It’s hard to say if the first meeting is tougher for the owners or the housesitters. The homeowners are at once The Boss and also the more vulnerable party, entrusting their beloved pets and all worldly possessions to strangers. The caretakers are trying to put on a competent face while wondering if the dog will bite, the plants will die, the cat will get run over, the horses will hurt themselves (or me), and the neighbors will spy and tell.

We were greeted warmly at the Bilbao airport by Jasmine and 16-month-old Emeric. (Javi had already left two weeks earlier for the first stage of his travels.) The four of us had that jet-lagged afternoon plus the next day to familiarize ourselves with each other and the household. Tom and I were immediately enthralled with the house, and could appreciate all the work and thought and craftsmanship that went into its rebuilding. That was an area Jasmine was proud to detail, too. She and Javi met during the planning process and lived in their motor home for four years while the building proceeded. It’s a work of love.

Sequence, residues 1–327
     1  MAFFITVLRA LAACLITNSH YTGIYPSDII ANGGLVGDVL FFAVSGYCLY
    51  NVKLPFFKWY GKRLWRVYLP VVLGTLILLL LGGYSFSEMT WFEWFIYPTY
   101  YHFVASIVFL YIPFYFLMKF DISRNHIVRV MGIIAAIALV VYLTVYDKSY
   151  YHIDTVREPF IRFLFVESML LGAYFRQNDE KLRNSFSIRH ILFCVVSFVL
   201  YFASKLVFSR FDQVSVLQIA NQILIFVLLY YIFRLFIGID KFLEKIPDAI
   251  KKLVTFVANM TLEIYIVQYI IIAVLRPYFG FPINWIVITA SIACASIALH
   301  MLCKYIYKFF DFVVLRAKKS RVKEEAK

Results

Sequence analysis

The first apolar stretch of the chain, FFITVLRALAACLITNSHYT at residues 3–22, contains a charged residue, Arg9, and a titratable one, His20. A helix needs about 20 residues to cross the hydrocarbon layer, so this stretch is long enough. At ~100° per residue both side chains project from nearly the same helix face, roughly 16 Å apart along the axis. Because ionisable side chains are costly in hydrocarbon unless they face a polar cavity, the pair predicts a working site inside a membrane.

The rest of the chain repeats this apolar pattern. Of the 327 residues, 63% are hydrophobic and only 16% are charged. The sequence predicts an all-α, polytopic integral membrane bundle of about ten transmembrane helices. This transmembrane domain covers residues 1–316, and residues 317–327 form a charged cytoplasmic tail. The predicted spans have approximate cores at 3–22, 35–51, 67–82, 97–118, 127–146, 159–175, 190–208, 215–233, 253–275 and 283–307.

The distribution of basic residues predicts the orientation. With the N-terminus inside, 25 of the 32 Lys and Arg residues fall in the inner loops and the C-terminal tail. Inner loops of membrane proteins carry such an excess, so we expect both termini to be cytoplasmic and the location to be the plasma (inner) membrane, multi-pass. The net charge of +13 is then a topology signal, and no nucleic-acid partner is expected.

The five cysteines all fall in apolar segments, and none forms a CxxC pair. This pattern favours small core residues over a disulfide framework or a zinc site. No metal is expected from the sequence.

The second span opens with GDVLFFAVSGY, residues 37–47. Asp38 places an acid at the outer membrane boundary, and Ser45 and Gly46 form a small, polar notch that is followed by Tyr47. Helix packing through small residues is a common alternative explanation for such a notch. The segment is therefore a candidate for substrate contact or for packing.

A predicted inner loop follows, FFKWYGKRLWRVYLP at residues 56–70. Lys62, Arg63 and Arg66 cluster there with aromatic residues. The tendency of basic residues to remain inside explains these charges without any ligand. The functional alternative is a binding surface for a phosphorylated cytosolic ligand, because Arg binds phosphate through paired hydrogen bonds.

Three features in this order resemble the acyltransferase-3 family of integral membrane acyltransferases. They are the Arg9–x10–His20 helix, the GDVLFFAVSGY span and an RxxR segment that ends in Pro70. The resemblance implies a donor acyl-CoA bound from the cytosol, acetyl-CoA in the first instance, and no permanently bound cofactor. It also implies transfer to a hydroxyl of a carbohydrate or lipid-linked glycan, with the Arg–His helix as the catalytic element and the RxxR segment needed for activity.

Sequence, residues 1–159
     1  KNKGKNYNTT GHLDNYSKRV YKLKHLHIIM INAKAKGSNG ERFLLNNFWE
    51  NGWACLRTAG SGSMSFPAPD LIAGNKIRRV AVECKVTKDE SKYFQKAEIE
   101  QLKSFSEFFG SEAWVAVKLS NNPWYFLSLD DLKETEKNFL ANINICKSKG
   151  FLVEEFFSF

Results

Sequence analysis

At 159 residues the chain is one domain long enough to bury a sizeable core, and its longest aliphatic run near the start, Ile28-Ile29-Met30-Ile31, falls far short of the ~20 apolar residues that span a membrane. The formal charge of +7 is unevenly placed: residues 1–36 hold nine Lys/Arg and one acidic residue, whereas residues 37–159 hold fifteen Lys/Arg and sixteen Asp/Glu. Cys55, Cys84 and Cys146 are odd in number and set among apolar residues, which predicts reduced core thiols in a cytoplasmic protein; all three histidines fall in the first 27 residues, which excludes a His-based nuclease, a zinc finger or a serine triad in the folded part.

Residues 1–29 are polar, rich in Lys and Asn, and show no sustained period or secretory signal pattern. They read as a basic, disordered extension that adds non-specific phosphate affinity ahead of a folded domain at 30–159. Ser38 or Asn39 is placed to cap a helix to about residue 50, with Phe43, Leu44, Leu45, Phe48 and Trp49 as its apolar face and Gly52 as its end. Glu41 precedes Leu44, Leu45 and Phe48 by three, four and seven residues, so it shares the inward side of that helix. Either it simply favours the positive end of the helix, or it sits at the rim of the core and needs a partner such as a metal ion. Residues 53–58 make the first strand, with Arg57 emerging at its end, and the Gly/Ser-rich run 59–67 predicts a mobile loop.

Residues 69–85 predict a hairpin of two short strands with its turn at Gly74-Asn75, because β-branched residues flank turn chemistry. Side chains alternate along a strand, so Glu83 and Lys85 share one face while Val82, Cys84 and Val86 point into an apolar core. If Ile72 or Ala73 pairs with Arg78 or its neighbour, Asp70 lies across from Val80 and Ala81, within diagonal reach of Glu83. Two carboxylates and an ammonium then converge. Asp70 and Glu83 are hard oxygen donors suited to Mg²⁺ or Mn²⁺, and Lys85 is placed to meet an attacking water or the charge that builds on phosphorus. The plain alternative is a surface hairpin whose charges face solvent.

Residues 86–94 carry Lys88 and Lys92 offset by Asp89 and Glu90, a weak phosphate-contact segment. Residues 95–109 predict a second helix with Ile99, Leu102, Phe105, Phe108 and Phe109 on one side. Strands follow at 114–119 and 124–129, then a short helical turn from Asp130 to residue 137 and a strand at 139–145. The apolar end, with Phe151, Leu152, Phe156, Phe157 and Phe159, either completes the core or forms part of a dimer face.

Emeric was not as comfortable with us, because we were horning in on his exclusive time with his mother, and he was teething and suffering some good ol’ diaper rash. There’s nothing more upsetting for a young mom than a kid not behaving to her liking for strangers. Emeric is smart and adorable when happy. All I could offer to do was to get down on the floor and play with him and a basket of toys to give Jasmine a few uninterrupted minutes to make us dinner.